Anyways, Everett Ruess walked off into the desert with two mules and what I assume was a healthy dose of adventure flowing through his vains. I have, as probably most young men have, contemplated what such a journey would be like. I suppose in modern times, such an adventure is harder to attempt do to the lack of "real" wilderness in the lower 48 states, and of course my fear of grizzly bears and cold extremities rules out heading into the far north. That, and I am obliged to someday pay off my student loan debt from my undergraduate days. Ah crushing debt, how I loathe thee. As my friend Ben's father once said, "paying tuition is like buying a brand new car and rolling it off a cliff."

To my great sadness, it turns out that Everett Ruess was most likely killed by Ute indians near Escalante, UT. Why? No one knows, maybe he made a pass at the wrong gal or was a little too smug after a cribbage victory with his newfound Ute friends. I had always envisioned him living in some hidden canyon, watching the cloud formations roll on by (as Ed would say, "If he doesn't, who will?"). Maybe tending to a garden of corn and beans. A few years back, my friend Pete Olsen and I headed out on a backpacking journey into The Maze in Canyonlands National Park, where we both discovered the stunning solitude of the Utah canyon country. We didn't see a soul for days as we wondered in and out of the sandstone walls. In fact, one of the few signs of others we came across were eery man-sized pictographs ten feet up on a shear wall. How anyone could have painted them so high up is beyond me. Maybe erosion had ground the canyon down over time, leaving the paintings in peace to watch over things.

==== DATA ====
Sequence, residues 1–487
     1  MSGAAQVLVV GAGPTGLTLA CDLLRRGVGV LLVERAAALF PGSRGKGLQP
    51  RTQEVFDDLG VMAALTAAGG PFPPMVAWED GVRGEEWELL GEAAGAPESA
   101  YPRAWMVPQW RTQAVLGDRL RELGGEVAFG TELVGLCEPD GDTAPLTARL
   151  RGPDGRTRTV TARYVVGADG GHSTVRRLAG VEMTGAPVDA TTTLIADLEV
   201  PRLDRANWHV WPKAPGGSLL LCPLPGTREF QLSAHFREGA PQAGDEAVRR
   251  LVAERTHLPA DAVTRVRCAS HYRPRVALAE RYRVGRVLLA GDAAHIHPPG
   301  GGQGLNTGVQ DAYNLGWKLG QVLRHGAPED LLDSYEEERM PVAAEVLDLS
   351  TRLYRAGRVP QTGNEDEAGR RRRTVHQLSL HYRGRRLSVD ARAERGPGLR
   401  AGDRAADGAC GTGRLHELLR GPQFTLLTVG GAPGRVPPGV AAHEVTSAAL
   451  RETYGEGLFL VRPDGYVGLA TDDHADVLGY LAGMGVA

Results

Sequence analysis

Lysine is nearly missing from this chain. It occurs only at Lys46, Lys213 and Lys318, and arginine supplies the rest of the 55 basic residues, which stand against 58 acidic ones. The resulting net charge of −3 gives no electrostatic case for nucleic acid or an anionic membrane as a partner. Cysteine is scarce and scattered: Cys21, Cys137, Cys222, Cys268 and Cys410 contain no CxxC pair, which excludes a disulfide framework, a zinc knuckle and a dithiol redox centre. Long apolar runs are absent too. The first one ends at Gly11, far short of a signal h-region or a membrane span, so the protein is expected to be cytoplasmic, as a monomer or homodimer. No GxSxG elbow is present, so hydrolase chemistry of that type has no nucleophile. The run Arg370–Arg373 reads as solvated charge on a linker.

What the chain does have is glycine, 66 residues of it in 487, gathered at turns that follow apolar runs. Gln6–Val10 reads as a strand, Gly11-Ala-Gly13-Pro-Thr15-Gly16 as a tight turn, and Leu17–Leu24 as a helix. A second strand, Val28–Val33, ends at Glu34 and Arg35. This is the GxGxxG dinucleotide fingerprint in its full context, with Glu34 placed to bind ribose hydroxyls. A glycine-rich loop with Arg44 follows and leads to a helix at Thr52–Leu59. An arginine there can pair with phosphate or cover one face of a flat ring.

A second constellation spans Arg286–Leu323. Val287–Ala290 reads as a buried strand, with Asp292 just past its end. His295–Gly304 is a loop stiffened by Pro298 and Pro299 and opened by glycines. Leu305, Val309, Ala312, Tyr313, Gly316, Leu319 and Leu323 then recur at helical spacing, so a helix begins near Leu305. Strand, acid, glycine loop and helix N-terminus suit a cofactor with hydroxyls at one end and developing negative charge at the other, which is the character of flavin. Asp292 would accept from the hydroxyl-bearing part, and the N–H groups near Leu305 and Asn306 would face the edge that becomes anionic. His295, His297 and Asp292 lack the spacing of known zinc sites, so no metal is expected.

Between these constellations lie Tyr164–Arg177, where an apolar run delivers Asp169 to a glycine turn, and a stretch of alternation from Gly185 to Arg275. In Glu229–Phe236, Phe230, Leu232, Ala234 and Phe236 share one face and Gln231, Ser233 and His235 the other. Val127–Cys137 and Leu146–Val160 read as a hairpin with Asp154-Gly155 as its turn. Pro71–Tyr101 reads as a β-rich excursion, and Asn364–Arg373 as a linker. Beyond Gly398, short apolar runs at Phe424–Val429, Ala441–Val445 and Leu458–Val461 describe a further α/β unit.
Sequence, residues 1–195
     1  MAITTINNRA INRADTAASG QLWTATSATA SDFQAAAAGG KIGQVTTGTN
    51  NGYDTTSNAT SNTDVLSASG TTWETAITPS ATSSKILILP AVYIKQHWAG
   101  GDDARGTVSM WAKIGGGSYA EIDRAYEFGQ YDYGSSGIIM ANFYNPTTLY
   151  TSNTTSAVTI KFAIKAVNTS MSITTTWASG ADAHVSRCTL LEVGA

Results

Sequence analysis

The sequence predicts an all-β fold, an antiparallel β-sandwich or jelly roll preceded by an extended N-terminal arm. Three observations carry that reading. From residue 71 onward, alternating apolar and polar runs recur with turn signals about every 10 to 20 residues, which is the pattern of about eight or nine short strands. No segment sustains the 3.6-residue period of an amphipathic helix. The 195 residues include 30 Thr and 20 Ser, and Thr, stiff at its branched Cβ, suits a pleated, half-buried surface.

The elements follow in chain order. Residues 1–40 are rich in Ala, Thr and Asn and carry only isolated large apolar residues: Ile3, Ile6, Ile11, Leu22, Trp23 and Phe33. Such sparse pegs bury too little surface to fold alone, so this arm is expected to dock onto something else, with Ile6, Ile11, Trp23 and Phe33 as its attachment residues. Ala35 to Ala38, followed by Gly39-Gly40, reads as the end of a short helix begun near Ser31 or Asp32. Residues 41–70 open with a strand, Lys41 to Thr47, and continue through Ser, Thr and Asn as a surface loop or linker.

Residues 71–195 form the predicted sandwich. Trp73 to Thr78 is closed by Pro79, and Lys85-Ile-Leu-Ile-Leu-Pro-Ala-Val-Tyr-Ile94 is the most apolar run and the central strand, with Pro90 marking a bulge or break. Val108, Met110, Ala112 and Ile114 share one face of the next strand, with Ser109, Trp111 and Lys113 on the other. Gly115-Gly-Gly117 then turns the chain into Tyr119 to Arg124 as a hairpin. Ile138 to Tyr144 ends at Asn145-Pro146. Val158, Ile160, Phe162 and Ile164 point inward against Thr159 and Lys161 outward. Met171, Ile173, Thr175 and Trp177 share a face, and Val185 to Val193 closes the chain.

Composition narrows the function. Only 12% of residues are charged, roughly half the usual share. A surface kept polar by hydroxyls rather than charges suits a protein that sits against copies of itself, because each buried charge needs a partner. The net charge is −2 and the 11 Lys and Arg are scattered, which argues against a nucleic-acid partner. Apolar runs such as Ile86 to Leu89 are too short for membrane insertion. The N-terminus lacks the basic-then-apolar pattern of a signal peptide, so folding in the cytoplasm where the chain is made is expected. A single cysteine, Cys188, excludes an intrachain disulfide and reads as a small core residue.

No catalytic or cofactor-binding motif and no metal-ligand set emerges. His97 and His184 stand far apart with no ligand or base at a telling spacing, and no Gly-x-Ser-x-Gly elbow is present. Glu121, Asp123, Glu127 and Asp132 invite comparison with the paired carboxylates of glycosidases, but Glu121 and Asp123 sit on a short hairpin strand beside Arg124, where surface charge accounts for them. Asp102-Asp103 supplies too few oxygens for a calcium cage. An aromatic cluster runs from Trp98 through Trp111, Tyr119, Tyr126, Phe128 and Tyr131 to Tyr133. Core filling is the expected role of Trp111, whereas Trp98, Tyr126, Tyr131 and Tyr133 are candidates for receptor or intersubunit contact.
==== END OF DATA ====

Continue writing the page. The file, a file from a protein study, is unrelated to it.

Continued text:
On the plus side, I can think of few better places to spend your last days than exploring the area around Escalante. Some of my very best times have been spent there, scrambling up sandstone bluffs, hiking through desert streams, searching for desert flowers in the innumerable nooks and crannies that dot the landscape. I am sure Everett saw many awe inspiring sights on his last journey.

Rest in peace old friend, you live on in my dreams.

Friday, September 5, 2008

Energy Issues

Now that the conventions are over, I can't wait to actually get to the debates. The most important issue for me this election is energy policy, which is intimately linked with the economy and our issues in the middle east. In their speeches, here is what each candidate had to say on energy:


• Set a goal that "in 10 years, we will finally end our dependence on oil from the Middle East."

• "Tap natural gas reserves, invest in clean coal technology and find ways to safely harness nuclear power."

• "Help our auto companies retool, so that the fuel-efficient cars of the future are built right here in America."

• Make it easier for Americans to afford U.S.-built, fuel-efficient cars.

• Have the federal government "invest $150 billion over the next decade in affordable, renewable sources of energy -- wind power and solar power and the next generation of biofuels." Doing so, he said, would "lead to new industries and 5 million new jobs that pay well and can't ever be outsourced."


• Produce more energy at home.

• Drill new wells offshore.

• Build more nuclear power plants.

• Develop clean coal technology.

• Increase the use of wind, tide, solar and natural gas.

• Encourage the development and use of flex fuel, hybrid and electric automobiles.

Note the big difference, Obama gave us some specifics and set a solid goal, while McCain just spouted some nice sentences. Further, in McCain's speech he said Obama was against nuclear power, which he isn't, he just wants it to be safe. A pure lie from McCain in his acceptance speech (one of a few).

You can find more about what each said here (Obama) and here (McCain).

Can't wait until the debates, someone is going to get served:

Sunday, August 10, 2008

Moving To Denmark

I like their style, and I think I've got some relatives there.